• Fuel, oil and air filters (if your vehicle has been serviced just before you go, these won’t be necessary, BUT if you’re on a long trip and need to get your vehicle serviced whilst travelling, carrying these may save your time and money).
  • Engine oil, maybe some brake and transmission fluids if you’re in an older vehicle.
  • Glue, e.g. Araldite, and WD40 or equivalent
  • Duct tape. Do not leave home without it!
  • I like to take a second spare wheel and tyre, but this can take up a lot of extra space. If you don’t have room for a second spare, then make sure you take a puncture repair kit for the type of tyre you may need to fix.
4. Loading your 4WD

Don’t pack every thing PLUS the kitchen sink.

You don’t need five pairs of shoes, and that snazzy camping toilet that looked so good at the caravan & camping expo is far more hassle to cart around and set up than squatting behind a Mulga tree with a tiny plastic spade!

I’ll just come out and say it: overloading is dangerous and impacts how your vehicle handles when driving.

The number one rule when packing your vehicle for the outback is this: keep the weight as low and centrally located as possible.

Another thing to keep in mind is that if you’re using a roof rack don’t overload it – it has a specific weight capacity that’s there for a reason.

Overloading a roof rack or putting too much weight on top of your vehicle raises the centre of gravity and can cause a possible roll-over or increased fuel usage due to the extra wind drag.

It can also cause the rack to break.

Make sure everything is secure so you don’t lose it or find it shifting under heavy braking.

A lot of people like to put their second spare up on the roof rack, me included, but this will depend on how much other weight you have up there.

The alternative to carrying your spare on the roof rack is to fit an ARB Rear Bar with carrier. These are a replacement rear bumper that is fitted to your vehicle and have a swing away spare wheel carrier.

Macquarie 4×4 Centre stock a whole range of ARB accessories to improve your vehicle and make your trips more enjoyable and you can see these rear bars here.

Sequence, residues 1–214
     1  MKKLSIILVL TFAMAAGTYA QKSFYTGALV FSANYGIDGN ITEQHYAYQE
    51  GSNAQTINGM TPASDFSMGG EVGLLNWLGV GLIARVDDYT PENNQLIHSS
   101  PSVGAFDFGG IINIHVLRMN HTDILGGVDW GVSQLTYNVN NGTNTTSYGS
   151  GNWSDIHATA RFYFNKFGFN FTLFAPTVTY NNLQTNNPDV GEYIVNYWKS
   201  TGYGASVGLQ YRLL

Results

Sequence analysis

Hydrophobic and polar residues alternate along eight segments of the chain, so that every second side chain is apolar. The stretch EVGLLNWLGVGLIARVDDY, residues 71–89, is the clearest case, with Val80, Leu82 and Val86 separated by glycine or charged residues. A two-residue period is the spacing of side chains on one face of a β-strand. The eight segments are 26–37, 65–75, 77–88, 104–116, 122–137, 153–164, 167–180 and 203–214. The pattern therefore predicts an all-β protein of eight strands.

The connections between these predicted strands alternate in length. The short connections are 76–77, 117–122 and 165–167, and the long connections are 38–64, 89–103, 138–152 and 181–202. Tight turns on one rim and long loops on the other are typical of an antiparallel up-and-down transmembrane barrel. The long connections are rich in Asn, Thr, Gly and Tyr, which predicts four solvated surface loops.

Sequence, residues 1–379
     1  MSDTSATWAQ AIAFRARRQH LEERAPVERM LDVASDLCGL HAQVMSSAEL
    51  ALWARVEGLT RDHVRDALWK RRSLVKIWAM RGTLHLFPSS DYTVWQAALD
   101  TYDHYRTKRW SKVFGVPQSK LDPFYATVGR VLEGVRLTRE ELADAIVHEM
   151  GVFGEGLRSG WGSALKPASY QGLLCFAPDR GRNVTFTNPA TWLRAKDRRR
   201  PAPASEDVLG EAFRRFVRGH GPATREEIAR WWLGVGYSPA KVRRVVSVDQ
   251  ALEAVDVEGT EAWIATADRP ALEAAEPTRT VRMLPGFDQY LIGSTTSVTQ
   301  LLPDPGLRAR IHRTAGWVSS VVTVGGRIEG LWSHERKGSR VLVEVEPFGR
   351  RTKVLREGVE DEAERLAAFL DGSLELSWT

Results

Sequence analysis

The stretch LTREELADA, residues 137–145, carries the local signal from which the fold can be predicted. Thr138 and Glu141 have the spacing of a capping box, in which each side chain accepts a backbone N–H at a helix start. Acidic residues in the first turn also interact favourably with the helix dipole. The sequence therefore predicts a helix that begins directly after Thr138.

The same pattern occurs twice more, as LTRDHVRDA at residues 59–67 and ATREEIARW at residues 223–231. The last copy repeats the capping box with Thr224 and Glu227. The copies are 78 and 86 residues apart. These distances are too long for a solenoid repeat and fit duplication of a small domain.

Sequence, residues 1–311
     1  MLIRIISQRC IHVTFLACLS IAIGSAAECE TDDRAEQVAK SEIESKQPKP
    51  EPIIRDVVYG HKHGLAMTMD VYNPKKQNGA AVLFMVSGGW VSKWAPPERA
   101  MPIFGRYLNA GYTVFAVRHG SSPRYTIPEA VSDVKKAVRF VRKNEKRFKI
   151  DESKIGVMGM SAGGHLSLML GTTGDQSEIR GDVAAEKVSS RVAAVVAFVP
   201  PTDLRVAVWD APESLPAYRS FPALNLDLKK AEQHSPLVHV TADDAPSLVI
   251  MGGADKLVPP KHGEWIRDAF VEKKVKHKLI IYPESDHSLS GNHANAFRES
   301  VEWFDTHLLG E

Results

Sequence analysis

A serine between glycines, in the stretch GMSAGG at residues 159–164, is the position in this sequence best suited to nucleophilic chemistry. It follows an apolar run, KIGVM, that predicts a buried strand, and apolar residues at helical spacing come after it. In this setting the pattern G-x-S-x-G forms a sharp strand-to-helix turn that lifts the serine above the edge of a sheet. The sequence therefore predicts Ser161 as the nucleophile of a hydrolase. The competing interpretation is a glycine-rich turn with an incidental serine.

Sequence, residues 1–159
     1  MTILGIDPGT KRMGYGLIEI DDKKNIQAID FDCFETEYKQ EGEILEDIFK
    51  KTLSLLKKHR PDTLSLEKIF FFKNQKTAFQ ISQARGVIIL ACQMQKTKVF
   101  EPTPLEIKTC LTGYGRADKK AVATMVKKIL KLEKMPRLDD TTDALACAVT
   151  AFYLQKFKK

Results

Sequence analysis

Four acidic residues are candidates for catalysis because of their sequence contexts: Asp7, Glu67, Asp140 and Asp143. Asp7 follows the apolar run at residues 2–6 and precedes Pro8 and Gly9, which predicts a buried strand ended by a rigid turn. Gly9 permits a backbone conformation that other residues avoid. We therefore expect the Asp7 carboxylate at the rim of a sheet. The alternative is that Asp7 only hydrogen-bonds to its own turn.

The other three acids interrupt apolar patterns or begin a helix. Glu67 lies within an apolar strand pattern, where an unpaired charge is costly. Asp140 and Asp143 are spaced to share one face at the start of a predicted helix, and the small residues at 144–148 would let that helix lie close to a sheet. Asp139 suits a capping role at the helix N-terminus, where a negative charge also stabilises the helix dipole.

If you want to be able to pack away gear, food, your fridge, then you might want to consider a drawer system for the rear of your vehicle.

These can be commercially manufactured or, as I did, made them myself, these can be a really useful addition to your vehicle’s kit.

Please also consider what you are going to do with your rubbish, if you carry it in then you can carry it out. One common option is a bag attached to the spare wheel.

5. Love Your Tyres

Tyres do all the hard work when travelling off-road, and they’re also the most common thing that fails.

Other must-do tyre preparation:

  • Check all tyres and tyre pressures and always carry two spare tyres if you can. Ensure your tyres are in good condition and if not replace them. Macquarie 4×4 also carries a variety of wheels and tyre you can check out.
  • A tyre pressure gauge is a must have – especially if you have to let tyres down to drive on sand and then re-inflate them. A good quality 12 volt air compressor and fittings will help you out here.
  • It’s not often a tyre valve lets you down but carrying a couple of spare tyre valves and caps might get you out of a bind.
  • Make sure you are carrying the right wheel brace, hydraulic jack and a base plate in case you need something to support the jack in soft ground or sand. If you don’t have a metal, wood or plastic base plate, GET ONE.
  • Hi-lift and exhaust jacks (I’ve used both) are also other options here. If you take a hi-lift (kangaroo) jack, make sure you know how to use it safely.
6. Other Essentials We Take

These are the additional items we always take. Yes, some of these are a little more personal (i.e. the solar panel), but some, like a first aid kit, are essential.